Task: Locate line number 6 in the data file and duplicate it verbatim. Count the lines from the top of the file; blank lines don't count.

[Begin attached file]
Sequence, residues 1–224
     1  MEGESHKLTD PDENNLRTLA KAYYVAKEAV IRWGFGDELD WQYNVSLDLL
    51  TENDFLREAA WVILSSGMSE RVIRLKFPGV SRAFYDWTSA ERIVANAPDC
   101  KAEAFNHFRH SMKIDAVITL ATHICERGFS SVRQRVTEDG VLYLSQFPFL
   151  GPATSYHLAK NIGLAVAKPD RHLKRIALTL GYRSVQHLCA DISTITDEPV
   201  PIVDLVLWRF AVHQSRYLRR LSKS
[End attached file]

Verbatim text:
   201  PIVDLVLWRF AVHQSRYLRR LSKS